Patterns of Behavior in Police and Citizen Transactions: Boston, Chicago, and Washington, DC, 1966 (ICPSR 9086)
Principal Investigator(s): Reiss, Albert J. Jr.
These data have been influential in the development of theories of police behavior. Variables in the collection supply information on the nature and context of encounters between citizens and the police. Data are included on the characteristics and roles of individuals involved in an encounter, relationships among the participants in the encounter, individuals' definitions of the situation after the arrival of police, specific police actions and manner of police behavior during the encounter, and informal characterizations by police of participants involved in the encounter. In cases where offender suspects were involved, information was collected on restraints employed, searches, interrogations, confessions, advisement of rights, booking, and other arrest processes.
These data are freely available.
Reiss, Albert J. Jr. Patterns of Behavior in Police and Citizen Transactions: Boston, Chicago, and Washington, DC, 1966. ICPSR09086-v1. Ann Arbor, MI: Inter-university Consortium for Political and Social Research [distributor], 2000. doi:10.3886/ICPSR09086.v1
Persistent URL: http://doi.org/10.3886/ICPSR09086.v1
This study was funded by:
- President's Commission on Law Enforcement and the Administration of Justice (OLEA-006)
Scope of Study
Date of Collection:
Universe: All encounters between citizens and police in major metropolitan areas of the United States.
Data Types: event/transaction data
Data Collection Notes:
Codebooks are available for Part 2 and Part 5 only. Parts 1, 3, and 4 are only documented by SAS and SPSS data definition statements.
These data are part of a larger study entitled "Field Surveys III: Studies in Crime and Law Enforcement in Major Metropolitan Areas."
ICPSR distributes two related data collections: SURVEY OF VICTIMIZATION AND ATTITUDES TOWARDS CRIME AND LAW ENFORCEMENT IN BOSTON AND CHICAGO, 1966 (ICPSR 9085) and ATTITUDES AND PERCEPTIONS OF POLICE OFFICERS IN BOSTON, CHICAGO, AND WASHINGTON, DC, 1966 (ICPSR 9087).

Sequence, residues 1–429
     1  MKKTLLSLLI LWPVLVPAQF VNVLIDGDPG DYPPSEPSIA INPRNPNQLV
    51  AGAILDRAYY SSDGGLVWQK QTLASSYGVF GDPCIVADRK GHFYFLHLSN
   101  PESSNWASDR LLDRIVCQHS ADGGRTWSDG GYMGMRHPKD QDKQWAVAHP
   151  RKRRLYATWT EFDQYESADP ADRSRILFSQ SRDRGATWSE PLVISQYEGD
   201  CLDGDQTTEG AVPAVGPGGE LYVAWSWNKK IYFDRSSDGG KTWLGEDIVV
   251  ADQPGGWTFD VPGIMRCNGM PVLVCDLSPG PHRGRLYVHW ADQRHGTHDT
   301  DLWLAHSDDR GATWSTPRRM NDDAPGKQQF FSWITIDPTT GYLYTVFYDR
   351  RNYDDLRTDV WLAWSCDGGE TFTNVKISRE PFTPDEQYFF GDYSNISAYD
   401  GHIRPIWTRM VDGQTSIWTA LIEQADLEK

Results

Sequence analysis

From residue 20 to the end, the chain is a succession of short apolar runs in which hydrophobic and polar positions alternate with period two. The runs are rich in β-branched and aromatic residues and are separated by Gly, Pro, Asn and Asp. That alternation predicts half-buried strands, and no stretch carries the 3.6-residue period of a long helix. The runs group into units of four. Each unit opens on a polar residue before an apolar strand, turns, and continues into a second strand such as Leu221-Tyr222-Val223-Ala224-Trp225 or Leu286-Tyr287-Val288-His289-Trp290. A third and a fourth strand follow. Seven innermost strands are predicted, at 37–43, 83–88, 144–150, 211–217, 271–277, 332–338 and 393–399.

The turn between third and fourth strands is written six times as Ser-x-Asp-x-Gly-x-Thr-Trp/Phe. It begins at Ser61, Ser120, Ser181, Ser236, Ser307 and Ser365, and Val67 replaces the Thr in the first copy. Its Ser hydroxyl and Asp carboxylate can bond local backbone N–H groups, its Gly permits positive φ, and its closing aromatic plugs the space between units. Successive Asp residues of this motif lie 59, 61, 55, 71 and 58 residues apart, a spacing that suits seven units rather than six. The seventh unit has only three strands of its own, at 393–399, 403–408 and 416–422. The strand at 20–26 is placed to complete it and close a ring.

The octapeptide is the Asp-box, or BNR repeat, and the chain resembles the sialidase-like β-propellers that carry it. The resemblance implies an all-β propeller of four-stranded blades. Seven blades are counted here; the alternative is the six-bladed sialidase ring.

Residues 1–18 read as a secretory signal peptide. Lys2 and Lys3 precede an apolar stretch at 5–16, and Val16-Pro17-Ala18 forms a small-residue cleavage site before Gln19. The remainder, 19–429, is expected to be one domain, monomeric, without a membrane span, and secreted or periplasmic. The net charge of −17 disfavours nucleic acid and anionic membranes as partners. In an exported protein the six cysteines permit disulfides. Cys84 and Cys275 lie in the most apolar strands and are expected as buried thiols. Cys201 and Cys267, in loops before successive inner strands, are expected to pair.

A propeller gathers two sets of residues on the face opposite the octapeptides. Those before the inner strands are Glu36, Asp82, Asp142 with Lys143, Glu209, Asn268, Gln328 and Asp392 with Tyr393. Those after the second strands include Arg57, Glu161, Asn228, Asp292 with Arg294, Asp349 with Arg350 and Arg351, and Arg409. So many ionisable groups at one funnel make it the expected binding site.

Sample: Three sample cities (Chicago, Boston, and Washington, DC) were purposively selected to represent differences in the size, location, degree of control, and type of organization in police departments. Within each city, two police precincts (four in Washington) with high crime rates were selected to represent areas with different race and class compositions. The selected sites were: (1) Boston, MA: precincts Dorchester and Roxbury, (2) Chicago, IL: precincts Fillmore and Town Hall, and (3) Washington, DC: precincts #6, 10, 13, and 14. Stratified probability samples of police tours of duty were drawn. Evening and weekend shifts were overrepresented to maximize the number of encounters observed.
field observation and official records
Original ICPSR Release: 1989-05-04
- 2005-11-04 On 2005-03-14 new files were added to one or more datasets. These files included additional setup files as well as one or more of the following: SAS program, SAS transport, SPSS portable, and Stata system files. The metadata record was revised 2005-11-04 to reflect these additions.
- 2000-08-01 SAS and SPSS data definition statements and PDF versions of the codebooks have been added to this collection.
- List all ~12 citations associated with this study
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